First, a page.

“‘The device accurately detected 98.3 percent of [cancers],’ said Dr. Darrell Rigel of New York University School of Medicine.
“That’s much better than even the best [doctors] could do on their own,” Rigel adds.
“So, the ALGORITHM GUN passed the first test – sensitivity – with flying colors.
“What about the second test – specificity?
“The company conducted a parallel study, using the exact same data… to see how living, breathing doctors fared against the machine – the “Algorithm Gun”.
“The specificity of the ALGORITHM GUN was 2.5 times better than the doctors.
“The device passed both tests. So, now what?
“So now it’s up to the Government… “
So yes, this is another teaser for a stock whose future lies in the hand of the FDA.
And if you’ve been sailing on the good ship Gumshoe for any length of time, you may well already know what company we’re looking at here … this “Algorithm Gun” is actually called the MelaFind, and the company who makes it is called Electro-Optical Sciences (MELA — click here for the free trend analysis of MELA).
This one has been on our radar screen for quite a while — I first wrote about it back in March of 2008 for a Marc Lichtenfeld ad (he thought the shares could go to $59 or even $196), and he has reused that teaser a few times, I wrote about it again, with more detail about the company, back in April of this year, after their device had already been fast-tracked by the FDA and the excellent Phase III testing results were out. And Lichtenfeld wasn’t the only one to jump on MELA, it was also a favorite pick of the late Georges Yared for a while last year.
Lichtenfeld has already been proven right with his first level of promise for this one (he “guaranteed” a double in the stock from April’s price of around $4-5, and that has happened) — of course, we’re a long ways off from knowing whether his predictions of $59 or $196 will be accurate for Electro-Optical Sciences.
And what does Dr. David Eifrig promise? He thinks there could easily be a big pop in the stock when (if) the FDA approves the MelaFind, but that it will do much better after that. This is from the ad:
“The real money stands to be made in the 12-24 months following the FDA’s decision.
“You see, companies with new and approved medical devices need to have a business plan for turning their technology into a bona fide commercial success….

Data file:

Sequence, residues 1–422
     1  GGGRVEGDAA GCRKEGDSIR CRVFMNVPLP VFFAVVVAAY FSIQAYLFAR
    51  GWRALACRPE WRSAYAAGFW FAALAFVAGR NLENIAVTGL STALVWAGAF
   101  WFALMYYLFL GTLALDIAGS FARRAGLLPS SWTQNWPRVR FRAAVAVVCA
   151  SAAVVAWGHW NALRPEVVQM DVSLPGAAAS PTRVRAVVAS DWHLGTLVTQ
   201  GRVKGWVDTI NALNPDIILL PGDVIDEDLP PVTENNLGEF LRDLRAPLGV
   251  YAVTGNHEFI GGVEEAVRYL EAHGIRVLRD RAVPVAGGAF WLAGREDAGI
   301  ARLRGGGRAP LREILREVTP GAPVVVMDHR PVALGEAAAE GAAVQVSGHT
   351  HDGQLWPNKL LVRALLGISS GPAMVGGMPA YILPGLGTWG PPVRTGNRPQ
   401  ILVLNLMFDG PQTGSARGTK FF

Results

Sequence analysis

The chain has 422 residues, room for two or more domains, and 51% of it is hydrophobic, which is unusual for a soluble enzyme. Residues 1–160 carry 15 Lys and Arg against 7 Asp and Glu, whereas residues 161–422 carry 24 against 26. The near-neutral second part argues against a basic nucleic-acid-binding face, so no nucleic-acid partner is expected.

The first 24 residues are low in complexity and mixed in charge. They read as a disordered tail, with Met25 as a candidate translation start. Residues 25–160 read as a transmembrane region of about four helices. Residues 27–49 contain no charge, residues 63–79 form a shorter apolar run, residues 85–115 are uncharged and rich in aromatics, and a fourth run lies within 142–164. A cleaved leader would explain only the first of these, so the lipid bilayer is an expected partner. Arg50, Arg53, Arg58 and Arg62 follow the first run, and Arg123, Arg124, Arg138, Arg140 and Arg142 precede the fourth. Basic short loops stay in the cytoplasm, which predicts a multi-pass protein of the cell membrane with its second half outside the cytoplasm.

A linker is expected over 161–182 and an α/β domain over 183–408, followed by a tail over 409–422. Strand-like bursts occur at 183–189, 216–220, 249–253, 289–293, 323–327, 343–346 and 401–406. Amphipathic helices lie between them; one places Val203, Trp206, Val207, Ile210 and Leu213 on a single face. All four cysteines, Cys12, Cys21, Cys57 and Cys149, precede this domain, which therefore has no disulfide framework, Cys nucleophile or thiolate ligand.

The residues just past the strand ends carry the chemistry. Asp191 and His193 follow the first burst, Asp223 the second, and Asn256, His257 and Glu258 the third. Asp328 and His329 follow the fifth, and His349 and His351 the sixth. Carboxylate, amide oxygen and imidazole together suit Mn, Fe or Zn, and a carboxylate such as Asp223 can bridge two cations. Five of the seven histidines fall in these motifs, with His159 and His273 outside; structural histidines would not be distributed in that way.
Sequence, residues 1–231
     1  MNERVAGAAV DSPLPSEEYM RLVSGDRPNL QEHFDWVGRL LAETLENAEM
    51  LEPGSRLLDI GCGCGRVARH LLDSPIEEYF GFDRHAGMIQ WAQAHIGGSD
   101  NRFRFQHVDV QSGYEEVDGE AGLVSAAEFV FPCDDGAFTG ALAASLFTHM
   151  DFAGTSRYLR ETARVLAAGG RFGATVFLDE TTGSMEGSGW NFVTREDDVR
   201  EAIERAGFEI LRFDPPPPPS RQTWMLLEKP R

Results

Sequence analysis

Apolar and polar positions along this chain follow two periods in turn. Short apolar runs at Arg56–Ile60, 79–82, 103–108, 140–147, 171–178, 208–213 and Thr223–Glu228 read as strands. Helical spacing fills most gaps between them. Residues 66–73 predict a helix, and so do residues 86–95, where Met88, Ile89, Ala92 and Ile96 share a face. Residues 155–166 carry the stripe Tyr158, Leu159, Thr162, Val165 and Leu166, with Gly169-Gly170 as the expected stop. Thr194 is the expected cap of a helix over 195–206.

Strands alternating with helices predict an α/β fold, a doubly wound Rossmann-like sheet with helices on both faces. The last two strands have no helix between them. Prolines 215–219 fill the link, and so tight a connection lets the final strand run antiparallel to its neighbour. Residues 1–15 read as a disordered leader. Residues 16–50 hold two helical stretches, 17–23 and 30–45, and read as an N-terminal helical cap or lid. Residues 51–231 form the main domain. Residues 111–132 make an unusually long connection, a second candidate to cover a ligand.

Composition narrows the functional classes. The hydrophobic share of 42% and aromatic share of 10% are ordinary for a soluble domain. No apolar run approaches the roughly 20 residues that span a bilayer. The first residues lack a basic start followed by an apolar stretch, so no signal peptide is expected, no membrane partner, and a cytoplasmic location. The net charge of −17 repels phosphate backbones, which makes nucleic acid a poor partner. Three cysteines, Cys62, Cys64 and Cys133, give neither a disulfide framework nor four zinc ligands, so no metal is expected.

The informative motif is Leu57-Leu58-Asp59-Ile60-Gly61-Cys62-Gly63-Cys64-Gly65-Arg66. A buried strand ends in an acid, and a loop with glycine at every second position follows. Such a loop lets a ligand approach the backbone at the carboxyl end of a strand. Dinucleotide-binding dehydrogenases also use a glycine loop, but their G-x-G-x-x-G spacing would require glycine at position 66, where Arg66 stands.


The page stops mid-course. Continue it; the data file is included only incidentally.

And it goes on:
“Remember… there is NO EXISTING MARKET FOR THIS TYPE OF CANCER DETECTION. And there is no real competition to worry about either. In clinical trials, this device has proven to be 2.5 times more successful than cancer specialists at detecting certain types of cancer.
“As a researcher at Oppenheimer Co said recently, ‘There is simply no competitive device on the market that can aid doctors in making this judgment.’
“In other words, this tiny company could have a new market entirely to itself.
“How much money could that mean to you, as a potential shareholder?
“I’ve had the opportunity to look over the company’s business model for the next 3 years.
“Conservatively speaking, I suspect the “Algorithm Gun” stock could rise 1,000%.
“The company can begin selling and shipping units as soon as the FDA gives the final go-ahead. So I predict you could see these devices hitting medical offices and labs in the next few months.”
Will that really happen? Well, the timing is right — MELA filed for approval for the MelaFind with the FDA on June 9, and with expedited review the answer could come as soon as six months later … which would be right now. As far as I know they haven’t yet heard anything from the FDA or met with the advisory panel. When asked about the filing, the CEO at a recent conference confirmed that the application was filed on June 9, that it got expedited review and that the “median time” for approval/response from the FDA for diagnostic devices with this kind of review has recently been between 200-300 days (that’s my paraphrase, not the exact numbers) — so if the pattern holds, the expectation is probably reasonable that the response (and potential approval) will come in the first quarter of next year, if not sooner. Of course, this is a new type of device, and the FDA may have lots of questions, so there’s no guarantee.
MELA has been making the rounds of investment conferences lately (you can see many of those webcasts linked from the Electro-Optical Sciences website), and the shares have been fairly active, particularly since it was profiled in Barron’s back in late August (it jumped almost 20% the Monday after Barron’s covered it, and is still right near that price). So the shares may well see an other jump from this big push from Dr. Eifrig’s newsletter with Stansberry, though they don’t have quite the reach or influence of Barron’s. Definitely read that article if you want a slightly more sober look, from folks who are pitching a $12 price for MELA as opposed to a $196 price.